Short Communication

Naturwissenschaften

, Volume 99, Issue 1, pp 83-87

The first record of a sauropod dinosaur from Antarctica

  • Ignacio A. CerdaAffiliated withConsejo Nacional de Investigaciones Científicas y Tecnológicas (CONICET), INIBIOMA, Museo de Geología y Paleontología Universidad Nacional del Comahue Email author 
  • , Ariana Paulina CarabajalAffiliated withCONICET, Museo Carmen Funes
  • , Leonardo SalgadoAffiliated withConsejo Nacional de Investigaciones Científicas y Tecnológicas (CONICET), INIBIOMA, Museo de Geología y Paleontología Universidad Nacional del Comahue
  • , Rodolfo A. CoriaAffiliated withCONICET, Museo Carmen FunesInstituto de Investigación en Paleobiología y Geología, Universidad Nacional de Río Negro
  • , Marcelo A. RegueroAffiliated withCONICET, División Paleontología de Vertebrados, Museo de La PlataInstituto Antártico Argentino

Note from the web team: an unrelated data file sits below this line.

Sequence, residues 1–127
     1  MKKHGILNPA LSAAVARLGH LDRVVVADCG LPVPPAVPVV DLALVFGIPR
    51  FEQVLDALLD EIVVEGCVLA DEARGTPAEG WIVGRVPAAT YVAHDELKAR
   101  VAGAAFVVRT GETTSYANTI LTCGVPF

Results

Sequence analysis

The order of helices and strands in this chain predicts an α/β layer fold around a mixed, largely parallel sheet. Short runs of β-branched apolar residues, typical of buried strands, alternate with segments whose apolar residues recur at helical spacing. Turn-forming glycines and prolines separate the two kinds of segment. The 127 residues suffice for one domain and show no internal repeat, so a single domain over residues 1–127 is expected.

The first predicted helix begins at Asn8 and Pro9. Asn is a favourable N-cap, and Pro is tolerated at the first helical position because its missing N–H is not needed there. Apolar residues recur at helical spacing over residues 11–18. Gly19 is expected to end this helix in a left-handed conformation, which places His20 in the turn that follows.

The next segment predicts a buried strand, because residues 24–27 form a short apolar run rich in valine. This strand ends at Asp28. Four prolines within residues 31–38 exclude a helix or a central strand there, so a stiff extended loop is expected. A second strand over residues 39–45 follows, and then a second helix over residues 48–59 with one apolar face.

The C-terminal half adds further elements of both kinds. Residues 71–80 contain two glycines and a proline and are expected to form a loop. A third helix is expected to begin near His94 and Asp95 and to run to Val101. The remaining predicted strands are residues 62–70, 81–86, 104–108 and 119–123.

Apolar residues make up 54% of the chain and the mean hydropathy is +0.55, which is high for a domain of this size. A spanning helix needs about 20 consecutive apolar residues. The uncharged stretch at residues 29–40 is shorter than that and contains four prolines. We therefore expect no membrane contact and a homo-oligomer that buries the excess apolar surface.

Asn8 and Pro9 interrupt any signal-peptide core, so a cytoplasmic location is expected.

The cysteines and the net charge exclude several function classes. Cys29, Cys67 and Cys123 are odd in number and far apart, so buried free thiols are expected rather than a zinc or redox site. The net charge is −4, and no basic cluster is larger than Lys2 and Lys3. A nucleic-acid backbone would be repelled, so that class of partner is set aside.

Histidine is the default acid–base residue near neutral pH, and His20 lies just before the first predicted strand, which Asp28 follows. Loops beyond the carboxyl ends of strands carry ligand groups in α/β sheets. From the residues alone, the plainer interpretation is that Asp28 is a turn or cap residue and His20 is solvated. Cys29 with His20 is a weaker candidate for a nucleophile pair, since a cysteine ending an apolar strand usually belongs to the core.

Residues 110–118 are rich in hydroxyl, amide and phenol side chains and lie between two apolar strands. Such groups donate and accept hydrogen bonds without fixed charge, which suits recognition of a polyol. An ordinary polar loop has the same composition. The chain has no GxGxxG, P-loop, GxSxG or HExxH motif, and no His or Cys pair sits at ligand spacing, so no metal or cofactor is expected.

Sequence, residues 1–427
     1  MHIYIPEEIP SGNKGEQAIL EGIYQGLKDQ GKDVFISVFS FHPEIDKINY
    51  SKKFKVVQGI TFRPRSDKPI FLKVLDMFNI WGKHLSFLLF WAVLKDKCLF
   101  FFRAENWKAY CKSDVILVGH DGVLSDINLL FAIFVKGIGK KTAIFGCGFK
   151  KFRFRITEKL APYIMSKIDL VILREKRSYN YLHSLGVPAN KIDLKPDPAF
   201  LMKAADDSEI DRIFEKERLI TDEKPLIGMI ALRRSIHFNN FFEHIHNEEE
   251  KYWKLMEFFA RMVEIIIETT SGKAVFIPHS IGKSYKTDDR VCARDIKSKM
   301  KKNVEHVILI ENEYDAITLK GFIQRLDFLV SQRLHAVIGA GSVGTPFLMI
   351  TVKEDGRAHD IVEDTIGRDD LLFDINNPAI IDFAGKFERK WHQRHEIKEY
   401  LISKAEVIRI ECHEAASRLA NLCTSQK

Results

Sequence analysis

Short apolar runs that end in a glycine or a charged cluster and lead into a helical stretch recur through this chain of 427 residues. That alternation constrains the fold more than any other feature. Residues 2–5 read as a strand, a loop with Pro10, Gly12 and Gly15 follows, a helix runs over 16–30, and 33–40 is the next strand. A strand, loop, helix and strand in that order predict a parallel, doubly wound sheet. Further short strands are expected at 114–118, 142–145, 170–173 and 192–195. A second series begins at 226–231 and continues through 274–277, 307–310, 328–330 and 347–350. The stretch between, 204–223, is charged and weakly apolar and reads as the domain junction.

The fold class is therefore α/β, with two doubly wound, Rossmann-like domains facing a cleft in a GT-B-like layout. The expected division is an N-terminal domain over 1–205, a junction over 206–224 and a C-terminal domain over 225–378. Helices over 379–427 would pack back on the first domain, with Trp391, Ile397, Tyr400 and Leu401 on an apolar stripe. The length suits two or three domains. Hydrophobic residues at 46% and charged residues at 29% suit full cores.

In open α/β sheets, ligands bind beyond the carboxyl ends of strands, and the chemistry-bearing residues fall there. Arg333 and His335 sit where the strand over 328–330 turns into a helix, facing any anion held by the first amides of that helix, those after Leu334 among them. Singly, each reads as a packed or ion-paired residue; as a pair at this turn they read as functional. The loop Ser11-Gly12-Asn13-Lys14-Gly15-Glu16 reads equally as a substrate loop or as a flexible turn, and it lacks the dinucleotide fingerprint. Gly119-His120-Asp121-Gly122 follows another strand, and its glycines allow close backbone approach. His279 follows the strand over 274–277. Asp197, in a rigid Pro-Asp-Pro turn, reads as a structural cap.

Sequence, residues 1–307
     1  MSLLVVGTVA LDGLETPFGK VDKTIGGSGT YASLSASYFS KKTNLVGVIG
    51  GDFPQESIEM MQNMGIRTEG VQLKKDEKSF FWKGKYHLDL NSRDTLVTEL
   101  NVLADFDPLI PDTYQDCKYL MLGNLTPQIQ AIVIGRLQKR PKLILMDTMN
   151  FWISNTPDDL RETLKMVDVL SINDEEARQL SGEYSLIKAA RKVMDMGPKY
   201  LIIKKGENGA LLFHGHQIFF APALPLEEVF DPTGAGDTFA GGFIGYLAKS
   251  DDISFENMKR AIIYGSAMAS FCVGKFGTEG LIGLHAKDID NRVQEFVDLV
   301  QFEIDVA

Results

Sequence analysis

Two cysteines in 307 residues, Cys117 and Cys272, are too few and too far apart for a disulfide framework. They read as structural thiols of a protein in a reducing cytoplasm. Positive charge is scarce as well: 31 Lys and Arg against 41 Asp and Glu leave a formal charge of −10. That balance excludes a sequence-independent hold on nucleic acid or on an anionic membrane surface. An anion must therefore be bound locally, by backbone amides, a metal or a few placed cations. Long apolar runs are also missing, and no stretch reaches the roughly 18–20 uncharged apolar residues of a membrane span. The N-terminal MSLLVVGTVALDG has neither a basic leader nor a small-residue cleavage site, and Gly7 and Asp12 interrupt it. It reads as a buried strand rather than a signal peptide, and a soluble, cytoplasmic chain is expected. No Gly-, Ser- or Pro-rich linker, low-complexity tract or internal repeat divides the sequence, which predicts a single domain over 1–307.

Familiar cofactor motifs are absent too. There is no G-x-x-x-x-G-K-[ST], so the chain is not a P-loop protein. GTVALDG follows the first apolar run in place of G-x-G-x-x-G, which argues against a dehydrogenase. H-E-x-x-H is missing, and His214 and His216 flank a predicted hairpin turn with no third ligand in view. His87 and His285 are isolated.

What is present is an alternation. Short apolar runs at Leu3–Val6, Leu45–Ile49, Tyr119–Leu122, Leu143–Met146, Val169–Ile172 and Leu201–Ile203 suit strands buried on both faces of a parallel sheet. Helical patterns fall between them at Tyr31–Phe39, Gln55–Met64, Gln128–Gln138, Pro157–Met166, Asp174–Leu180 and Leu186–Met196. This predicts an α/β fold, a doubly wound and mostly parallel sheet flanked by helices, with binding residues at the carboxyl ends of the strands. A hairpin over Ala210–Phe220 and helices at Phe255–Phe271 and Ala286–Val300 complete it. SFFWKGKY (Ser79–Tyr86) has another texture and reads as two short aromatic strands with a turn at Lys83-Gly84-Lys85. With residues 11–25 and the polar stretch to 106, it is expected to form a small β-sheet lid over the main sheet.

• , Claudia P. TambussiAffiliated withCONICET, División Paleontología de Vertebrados, Museo de La Plata
  • , Juan J. MolyAffiliated withDivisión Paleontología de Vertebrados, Museo de La Plata

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Abstract

Sauropoda is one of the most diverse and geographically widespread clades of herbivorous dinosaurs, and until now, their remains have now been recovered from all continental landmasses except Antarctica. We report the first record of a sauropod dinosaur from Antarctica, represented by an incomplete caudal vertebra from the Late Cretaceous of James Ross Island. The size and morphology of the specimen allows its identification as a lithostrotian titanosaur. Our finding indicates that advanced titanosaurs achieved a global distribution at least by the Late Cretaceous.

Keywords

Antarctic Peninsula Upper Cretaceous Titanosauria Lithostrotia